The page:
Conductive Hearing Loss

by Sharon Hopkins


Hearing loss is of two main types, conductive hearing loss and sensorineural hearing loss. Here we will take a look at conductive hearing loss in detail.

Conductive hearing loss is essentially caused by anything that interferes with the transmission of sound from the outer to the inner ear. Some of the possible reasons that could create such interference are:

  1. Blockage of the outer ear by wax.
  2. Collection of fluid in the middle ear, also known as "glue ear" in children.
  3. Damage to the eardrum by infection or injury.
  4. Rheumatoid arthritis, which affects the joints between the ossicles in rare cases.
  5. Middle ear infections such as Otitis Media.
  6. Trauma to the ossicular chain such as temporal bone fracture
  7. Tumors of the middle ear such as a Glomus tumor
  8. Erosion of the ossicular chain - Cholesteatoma.
  9. Prolonged exposure to certain drugs
  10. Random injury.
  11. Difficulties in the eardrums, Eustachian tubes or various bones of the ear.

Treatment

Commonly, use of hearing aids can obtain excellent results for conductive hearing loss. Surgical treatment may be used to correct a lot of conductive hearing loss cases, as usually it is due to a mechanical hindrance. Osteosclerosis can be treated effectively using surgery. Conductive hearing loss due to ear infections such as Otitis Media can be treated well using oral antibiotics or ear drops. Fluid collected behind the eardrum can be drained by inserting pressure-equalizing tubes through the eardrum. Early diagnosis and timely treatment can help tackle conductive hearing loss effectively.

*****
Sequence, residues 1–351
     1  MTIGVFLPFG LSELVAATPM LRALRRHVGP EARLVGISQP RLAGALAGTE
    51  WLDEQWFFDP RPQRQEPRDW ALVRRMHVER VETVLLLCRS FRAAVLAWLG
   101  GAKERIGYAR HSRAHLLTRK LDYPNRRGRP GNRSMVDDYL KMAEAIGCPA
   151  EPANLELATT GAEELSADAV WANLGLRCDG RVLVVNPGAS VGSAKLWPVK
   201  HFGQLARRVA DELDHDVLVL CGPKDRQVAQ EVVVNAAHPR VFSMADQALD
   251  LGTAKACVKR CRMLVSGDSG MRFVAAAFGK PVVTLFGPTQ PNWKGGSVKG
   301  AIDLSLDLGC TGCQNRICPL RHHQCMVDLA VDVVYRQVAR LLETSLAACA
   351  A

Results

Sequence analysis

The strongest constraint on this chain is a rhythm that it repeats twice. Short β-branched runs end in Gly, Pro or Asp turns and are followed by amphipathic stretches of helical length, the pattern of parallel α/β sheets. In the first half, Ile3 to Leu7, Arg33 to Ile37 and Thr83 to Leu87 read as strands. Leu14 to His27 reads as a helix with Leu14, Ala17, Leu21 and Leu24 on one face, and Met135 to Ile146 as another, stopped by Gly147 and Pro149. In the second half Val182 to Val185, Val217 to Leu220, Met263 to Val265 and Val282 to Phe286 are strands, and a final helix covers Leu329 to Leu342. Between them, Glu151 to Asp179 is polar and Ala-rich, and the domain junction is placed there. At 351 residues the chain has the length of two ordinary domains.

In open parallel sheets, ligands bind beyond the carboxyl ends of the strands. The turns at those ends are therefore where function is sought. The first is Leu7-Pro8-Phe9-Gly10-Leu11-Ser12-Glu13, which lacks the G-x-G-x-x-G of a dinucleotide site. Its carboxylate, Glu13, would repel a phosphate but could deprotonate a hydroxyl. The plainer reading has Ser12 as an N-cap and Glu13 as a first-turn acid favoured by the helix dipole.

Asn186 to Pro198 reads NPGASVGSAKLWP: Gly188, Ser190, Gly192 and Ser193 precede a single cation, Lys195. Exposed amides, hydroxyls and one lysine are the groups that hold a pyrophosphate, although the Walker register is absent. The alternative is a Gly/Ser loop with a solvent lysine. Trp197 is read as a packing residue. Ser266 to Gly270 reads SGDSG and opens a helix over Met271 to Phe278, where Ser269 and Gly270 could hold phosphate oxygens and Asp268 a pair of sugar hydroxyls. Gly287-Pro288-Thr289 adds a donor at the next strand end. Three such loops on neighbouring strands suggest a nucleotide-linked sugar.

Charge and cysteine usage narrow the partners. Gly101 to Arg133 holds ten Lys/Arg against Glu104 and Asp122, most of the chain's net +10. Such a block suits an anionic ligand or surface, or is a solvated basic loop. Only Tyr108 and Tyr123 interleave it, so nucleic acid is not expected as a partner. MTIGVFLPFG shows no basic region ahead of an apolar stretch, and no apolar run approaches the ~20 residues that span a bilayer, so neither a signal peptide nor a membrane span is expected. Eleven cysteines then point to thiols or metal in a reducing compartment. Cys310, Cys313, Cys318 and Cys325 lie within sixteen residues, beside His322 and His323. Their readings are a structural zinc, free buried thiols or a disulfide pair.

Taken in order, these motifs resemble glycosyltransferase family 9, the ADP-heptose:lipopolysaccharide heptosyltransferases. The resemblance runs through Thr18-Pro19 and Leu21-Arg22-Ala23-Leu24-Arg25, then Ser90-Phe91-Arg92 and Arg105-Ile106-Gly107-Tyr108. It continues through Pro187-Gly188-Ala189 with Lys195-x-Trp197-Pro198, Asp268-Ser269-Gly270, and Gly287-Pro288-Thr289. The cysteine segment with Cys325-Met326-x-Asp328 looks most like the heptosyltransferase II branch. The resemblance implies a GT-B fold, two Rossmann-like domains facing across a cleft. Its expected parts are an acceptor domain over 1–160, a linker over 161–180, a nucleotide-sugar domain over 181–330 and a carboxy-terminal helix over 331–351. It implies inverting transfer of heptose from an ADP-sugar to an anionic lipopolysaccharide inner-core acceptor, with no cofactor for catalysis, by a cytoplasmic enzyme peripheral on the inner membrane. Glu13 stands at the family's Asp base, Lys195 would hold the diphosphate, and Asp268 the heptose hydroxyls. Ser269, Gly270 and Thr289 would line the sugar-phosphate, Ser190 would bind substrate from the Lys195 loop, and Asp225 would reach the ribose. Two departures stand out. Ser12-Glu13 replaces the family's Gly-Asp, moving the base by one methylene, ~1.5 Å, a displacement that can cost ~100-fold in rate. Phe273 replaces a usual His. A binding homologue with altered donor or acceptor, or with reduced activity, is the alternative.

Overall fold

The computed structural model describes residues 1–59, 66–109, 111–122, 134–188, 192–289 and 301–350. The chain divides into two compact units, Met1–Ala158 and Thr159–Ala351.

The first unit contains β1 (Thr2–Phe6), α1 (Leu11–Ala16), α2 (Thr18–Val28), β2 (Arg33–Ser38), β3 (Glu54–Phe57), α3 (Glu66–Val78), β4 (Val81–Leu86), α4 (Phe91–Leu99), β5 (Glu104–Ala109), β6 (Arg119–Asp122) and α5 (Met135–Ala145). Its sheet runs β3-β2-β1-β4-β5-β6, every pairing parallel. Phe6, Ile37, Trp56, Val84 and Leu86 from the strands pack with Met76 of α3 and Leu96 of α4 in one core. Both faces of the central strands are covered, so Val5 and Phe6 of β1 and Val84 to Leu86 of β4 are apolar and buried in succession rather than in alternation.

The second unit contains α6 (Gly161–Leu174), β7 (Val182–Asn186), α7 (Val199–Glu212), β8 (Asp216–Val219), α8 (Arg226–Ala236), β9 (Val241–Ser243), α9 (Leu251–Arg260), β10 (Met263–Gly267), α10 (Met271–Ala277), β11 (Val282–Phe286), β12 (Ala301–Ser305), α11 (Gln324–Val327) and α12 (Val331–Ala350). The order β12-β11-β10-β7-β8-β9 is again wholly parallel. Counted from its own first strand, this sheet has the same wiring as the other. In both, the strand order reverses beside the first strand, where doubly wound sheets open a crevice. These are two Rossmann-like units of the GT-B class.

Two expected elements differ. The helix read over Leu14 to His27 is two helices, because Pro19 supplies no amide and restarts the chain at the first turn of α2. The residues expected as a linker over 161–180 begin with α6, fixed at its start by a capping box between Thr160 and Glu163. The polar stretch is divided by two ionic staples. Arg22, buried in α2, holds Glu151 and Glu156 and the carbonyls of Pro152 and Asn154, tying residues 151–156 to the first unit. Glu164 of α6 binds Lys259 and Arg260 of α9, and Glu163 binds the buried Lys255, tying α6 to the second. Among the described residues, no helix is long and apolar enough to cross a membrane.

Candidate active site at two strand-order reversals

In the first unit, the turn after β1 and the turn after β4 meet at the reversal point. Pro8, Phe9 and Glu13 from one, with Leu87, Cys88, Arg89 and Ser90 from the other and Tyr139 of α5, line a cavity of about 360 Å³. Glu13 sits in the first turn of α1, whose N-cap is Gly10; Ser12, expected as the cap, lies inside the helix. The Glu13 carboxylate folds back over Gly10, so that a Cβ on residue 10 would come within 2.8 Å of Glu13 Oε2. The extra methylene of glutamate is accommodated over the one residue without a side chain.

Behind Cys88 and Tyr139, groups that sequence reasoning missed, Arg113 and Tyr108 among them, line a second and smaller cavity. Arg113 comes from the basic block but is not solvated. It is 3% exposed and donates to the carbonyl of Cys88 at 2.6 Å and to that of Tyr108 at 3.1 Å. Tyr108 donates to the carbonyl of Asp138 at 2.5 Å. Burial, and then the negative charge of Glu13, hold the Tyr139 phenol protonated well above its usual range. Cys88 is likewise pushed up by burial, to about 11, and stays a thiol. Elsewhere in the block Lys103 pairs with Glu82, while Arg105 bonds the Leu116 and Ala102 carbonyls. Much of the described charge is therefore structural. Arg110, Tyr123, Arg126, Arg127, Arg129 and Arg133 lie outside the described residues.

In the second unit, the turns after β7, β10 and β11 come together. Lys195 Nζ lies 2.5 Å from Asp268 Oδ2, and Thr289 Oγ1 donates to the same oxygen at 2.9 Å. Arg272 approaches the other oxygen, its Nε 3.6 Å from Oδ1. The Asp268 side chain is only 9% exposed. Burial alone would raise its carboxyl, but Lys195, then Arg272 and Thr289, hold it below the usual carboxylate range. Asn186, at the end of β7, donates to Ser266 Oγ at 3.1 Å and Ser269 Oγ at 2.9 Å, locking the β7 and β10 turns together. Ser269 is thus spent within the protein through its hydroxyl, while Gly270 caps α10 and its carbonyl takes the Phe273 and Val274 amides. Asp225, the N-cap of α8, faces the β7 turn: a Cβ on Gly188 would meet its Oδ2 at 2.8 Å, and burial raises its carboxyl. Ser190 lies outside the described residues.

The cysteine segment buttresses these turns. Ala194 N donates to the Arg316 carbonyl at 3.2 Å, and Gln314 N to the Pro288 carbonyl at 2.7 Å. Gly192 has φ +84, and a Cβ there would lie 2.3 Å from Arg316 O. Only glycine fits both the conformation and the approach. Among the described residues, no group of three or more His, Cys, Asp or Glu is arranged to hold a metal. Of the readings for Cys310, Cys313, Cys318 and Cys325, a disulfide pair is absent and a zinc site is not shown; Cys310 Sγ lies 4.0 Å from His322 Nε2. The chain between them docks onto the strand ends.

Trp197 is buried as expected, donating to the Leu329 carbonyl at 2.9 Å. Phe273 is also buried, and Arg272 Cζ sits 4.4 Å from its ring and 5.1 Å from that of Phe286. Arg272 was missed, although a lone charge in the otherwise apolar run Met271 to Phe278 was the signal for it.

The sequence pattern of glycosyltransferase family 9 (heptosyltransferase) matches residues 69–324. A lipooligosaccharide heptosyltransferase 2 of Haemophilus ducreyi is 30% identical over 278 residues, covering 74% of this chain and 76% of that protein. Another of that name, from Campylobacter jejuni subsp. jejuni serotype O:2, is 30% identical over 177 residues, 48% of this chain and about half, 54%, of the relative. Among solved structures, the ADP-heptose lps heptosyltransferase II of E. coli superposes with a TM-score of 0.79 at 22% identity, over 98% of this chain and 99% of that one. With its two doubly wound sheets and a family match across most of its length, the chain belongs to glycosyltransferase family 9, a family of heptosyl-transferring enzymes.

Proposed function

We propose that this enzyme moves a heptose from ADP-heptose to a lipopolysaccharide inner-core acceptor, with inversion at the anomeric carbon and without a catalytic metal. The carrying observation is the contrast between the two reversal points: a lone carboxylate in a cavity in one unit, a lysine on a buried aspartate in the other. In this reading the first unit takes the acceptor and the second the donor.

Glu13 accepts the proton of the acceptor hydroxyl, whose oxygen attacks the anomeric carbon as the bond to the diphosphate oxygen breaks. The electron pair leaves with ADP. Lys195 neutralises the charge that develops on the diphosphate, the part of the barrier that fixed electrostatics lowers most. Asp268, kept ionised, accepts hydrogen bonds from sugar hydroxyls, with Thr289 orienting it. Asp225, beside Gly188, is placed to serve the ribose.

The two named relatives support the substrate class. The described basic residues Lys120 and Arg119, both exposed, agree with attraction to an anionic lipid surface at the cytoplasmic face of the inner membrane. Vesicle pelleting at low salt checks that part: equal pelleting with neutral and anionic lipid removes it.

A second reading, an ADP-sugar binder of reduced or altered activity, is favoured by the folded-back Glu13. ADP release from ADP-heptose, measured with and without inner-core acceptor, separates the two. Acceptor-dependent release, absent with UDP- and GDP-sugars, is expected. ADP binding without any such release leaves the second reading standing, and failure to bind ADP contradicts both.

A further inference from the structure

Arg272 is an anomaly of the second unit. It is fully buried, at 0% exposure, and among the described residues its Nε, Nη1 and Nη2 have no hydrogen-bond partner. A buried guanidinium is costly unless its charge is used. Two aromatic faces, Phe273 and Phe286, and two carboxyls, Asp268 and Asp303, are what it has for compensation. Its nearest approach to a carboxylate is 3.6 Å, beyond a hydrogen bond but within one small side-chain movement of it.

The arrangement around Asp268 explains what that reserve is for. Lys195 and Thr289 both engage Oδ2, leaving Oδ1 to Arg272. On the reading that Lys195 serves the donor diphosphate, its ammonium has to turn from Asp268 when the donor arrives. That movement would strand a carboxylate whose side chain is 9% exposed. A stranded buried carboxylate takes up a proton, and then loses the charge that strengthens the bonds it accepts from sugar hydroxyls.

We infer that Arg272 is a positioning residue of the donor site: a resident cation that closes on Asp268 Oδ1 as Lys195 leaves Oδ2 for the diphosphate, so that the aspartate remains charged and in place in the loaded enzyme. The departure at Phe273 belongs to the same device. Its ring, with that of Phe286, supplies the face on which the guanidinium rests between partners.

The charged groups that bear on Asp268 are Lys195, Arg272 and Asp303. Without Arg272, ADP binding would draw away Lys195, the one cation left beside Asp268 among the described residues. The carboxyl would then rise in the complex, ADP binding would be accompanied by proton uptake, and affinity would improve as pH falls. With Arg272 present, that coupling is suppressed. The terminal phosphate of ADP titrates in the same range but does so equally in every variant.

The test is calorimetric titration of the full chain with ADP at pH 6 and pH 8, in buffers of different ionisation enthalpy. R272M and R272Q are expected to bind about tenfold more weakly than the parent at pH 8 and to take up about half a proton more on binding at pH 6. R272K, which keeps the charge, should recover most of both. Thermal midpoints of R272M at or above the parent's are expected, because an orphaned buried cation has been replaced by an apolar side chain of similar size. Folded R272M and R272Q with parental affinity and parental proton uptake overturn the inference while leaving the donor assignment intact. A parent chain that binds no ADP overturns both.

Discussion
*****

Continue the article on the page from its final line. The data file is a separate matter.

Warning: The reader of this article should exercise all precautionary measures while following instructions on the home remedies from this article. Avoid using any of these products if you are allergic to it. The responsibility lies with the reader and not with the site or the writer.
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